RESULTS

The total seizure rate decrement during follow-up was 41% (CI 25%–56%), with better seizure control for GTCS (IQR 19%–20%) and FIAS (IQR 0%–16%), with FAS being less responsive (IQR 67%–236%). No neuropsychological deterioration was observed.

CONCLUSIONS

PHC DBS induced important antiseizure effects in patients with incapacitating FIAS and GTCS, most likely through blocking the propagation of hippocampal-onset seizures. The PHC target can be easily and safely approached due to positioning away from vascular structures, and there was no evidence of DBS-induced cognitive deterioration.

Restricted access

James P. Wondra II, Michael P. Kelly, Elizabeth L. Yanik, Jacob K. Greenberg, Justin S. Smith, Shay Bess, Christopher I. Shaffrey, Lawrence G. Lenke, and Keith Bridwell

OBJECTIVE

Adult symptomatic lumbar scoliosis (ASLS) is a widespread and debilitating subset of adult spinal deformity. Although many patients benefit from operative treatment, surgery entails substantial cost and risk for adverse events. Patient-reported outcome measures (PROMs) are patient-centered tools used to evaluate the appropriateness of surgery and to assist in the shared decision-making process. Framing realistic patient expectations should include the possible functional limitation to improvement inherent in surgical intervention, such as multilevel fusion to the sacrum. The authors’ objective was to predict postoperative ASLS PROMs by using clustering analysis, generalized longitudinal regression models, percentile analysis, and clinical improvement analysis of preoperative health-related quality-of-life scores for use in surgical counseling.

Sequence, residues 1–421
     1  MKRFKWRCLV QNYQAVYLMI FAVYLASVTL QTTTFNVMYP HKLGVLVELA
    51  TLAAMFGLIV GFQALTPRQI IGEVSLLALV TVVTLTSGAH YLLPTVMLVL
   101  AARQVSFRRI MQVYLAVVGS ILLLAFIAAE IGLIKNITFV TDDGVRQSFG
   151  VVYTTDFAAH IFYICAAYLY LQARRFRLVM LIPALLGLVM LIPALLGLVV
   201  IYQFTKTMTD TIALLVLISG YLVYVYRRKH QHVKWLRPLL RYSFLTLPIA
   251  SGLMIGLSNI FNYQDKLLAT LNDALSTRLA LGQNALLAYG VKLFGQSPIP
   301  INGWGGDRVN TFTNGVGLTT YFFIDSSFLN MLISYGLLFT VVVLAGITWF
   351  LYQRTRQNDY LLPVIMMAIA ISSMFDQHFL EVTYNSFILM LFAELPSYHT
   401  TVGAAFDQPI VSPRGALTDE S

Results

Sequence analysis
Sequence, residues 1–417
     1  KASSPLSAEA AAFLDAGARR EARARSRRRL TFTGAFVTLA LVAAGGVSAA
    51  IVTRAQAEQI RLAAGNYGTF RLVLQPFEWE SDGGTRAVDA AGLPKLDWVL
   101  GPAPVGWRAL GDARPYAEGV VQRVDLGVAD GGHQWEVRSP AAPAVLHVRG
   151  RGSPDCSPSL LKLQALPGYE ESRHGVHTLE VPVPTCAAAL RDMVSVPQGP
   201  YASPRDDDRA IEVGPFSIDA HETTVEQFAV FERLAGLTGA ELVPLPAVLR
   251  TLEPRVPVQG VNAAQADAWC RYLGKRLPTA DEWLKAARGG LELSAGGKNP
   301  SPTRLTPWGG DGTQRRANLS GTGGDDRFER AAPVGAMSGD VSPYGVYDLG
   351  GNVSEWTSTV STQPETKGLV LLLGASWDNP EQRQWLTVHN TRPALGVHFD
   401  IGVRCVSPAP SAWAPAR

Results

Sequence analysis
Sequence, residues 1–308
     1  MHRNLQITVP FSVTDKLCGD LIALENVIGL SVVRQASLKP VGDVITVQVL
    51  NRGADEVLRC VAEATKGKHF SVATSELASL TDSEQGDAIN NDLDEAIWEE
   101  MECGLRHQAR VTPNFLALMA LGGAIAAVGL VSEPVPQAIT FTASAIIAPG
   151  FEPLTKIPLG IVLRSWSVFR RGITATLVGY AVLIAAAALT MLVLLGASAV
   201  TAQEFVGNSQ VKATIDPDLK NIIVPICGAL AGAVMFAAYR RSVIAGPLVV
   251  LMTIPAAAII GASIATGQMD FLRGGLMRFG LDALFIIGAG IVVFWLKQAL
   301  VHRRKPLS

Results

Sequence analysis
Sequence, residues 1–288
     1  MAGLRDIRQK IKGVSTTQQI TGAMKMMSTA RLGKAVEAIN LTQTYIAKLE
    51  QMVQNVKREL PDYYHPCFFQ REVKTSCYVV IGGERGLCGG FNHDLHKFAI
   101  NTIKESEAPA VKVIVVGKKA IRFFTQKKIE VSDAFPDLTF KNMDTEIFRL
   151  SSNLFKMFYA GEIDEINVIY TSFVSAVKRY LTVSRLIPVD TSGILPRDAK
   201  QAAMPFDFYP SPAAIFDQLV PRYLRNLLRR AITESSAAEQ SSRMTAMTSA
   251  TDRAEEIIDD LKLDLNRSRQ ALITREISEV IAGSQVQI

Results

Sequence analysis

METHODS